The courts were far from finished teaching him a lesson. Subjected to monitoring of his emails for years, suspended from the practice of law after being fired, he was later disbarred altogether. http://www.tulanelink.com/stories/o’dwyer_11a.htm

Today, O’Dwyer is not only fired, suspended and disbarred, but also bankrupt—all because he refused to hold his tongue. And today, he still won’t shut up.

http://www.nola.com/opinions/index.ssf/2010/12/disbarred_attorney_not_as_craz.html

After all, what else can they do to him?

Fast forward to November 7, 2016.

Among the writ applications denied by the Louisiana Supreme Court was Case No. 2016-C -1263 (TOM ASWELL v. THE DIVISION OF ADMINISTRATION, OF THE STATE OF LOUISIANA AND KRISTY NICHOLS, INDIVIDUALLY AND AS THE COMMISSIONER OF ADMINISTRATION). http://www.lasc.org/news_releases/2016/2016-065.asp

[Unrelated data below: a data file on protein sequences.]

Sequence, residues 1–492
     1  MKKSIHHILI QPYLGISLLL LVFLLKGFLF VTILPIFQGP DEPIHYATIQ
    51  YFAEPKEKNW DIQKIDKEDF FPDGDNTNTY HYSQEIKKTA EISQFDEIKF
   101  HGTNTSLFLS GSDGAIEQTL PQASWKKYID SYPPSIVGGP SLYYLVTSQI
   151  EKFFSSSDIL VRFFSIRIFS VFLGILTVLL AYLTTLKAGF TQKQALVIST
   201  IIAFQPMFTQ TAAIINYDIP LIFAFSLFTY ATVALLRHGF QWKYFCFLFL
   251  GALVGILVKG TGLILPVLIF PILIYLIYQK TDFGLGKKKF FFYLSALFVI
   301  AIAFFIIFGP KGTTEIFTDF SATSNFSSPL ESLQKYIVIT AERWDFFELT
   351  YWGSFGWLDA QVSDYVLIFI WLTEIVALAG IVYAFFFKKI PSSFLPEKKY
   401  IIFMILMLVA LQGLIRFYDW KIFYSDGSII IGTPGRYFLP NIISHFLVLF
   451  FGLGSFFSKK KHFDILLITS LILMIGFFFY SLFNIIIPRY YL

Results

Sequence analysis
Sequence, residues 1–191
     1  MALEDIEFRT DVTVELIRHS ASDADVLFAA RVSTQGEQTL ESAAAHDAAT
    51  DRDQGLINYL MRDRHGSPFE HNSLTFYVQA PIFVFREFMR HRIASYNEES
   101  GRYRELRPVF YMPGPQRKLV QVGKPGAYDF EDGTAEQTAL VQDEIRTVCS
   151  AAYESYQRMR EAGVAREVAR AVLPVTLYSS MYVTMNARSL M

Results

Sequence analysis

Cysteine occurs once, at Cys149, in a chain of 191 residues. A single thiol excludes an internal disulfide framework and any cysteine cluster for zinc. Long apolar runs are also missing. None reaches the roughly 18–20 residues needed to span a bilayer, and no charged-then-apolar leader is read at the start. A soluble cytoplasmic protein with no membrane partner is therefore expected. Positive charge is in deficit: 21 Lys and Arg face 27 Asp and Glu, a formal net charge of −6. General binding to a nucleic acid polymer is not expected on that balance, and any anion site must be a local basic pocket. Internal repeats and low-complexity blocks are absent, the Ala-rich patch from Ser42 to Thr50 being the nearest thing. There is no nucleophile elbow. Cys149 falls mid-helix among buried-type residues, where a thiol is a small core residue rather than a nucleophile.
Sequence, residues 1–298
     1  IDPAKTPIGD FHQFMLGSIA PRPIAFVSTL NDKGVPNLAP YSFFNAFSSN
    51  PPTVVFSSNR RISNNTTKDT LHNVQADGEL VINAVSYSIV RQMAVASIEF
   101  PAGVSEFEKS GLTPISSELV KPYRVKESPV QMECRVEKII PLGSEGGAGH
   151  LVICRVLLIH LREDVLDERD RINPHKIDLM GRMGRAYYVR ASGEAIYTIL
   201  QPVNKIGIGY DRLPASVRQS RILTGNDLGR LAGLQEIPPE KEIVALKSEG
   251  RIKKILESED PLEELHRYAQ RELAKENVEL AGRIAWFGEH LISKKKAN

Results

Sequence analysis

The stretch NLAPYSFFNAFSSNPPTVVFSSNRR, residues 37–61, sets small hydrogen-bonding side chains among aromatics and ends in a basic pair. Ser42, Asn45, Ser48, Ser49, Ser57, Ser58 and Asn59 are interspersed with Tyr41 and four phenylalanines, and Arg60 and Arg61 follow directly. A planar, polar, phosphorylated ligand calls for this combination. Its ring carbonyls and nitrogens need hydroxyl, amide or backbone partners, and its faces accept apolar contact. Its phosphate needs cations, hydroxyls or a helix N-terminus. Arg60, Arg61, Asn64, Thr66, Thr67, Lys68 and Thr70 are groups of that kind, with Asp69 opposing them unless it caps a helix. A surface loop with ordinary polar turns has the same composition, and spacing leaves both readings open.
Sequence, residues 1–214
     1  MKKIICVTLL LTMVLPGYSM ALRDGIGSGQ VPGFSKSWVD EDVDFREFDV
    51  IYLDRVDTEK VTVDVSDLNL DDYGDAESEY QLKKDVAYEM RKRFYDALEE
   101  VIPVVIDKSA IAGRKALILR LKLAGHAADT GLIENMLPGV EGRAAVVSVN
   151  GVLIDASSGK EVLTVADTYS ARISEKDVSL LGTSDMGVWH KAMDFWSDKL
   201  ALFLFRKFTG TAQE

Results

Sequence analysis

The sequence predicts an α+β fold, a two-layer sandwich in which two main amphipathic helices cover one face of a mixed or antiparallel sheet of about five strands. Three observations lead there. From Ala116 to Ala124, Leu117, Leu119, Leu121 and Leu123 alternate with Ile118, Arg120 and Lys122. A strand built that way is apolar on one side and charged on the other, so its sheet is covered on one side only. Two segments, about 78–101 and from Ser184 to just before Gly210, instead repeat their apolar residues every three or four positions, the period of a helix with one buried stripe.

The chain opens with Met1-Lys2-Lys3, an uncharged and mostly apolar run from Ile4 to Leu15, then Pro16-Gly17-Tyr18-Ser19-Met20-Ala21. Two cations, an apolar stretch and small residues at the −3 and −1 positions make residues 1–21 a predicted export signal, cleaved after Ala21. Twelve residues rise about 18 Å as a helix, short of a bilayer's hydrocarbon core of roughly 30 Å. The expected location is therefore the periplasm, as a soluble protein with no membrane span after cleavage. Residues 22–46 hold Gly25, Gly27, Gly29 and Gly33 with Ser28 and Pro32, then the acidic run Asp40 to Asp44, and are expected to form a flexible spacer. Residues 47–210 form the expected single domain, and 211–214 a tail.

I filed my writ after the First Circuit Court of Appeal in an equally cowardly act, struck down the penalties against Nichols while acknowledging that the state was negligent in complying to our public records request in a timely manner.

As a refresher, here’s what happened. With the Division of Administration under Nichols already dragging its feet with several pending requests we had submitted, we decided to conduct a test to see if we were being targeted via slow compliance.

In October 2014, we submitted a detailed request for information pertaining to a complicated third party administrator contract between the Office of Group Benefits and a California bill processing firm. On the same day, we had a friendly legislator (who asked not to be named) submit an identical request through the House Legislative Services Office.

The House member received the requested information the very next day. Again, that was in October 2014. In January 2015, I still had not received the documents so I filed suit. Kristy Nichols then had a CD containing the information delivered to my attorney, J. Arthur Smith, III, the day after the suit was filed.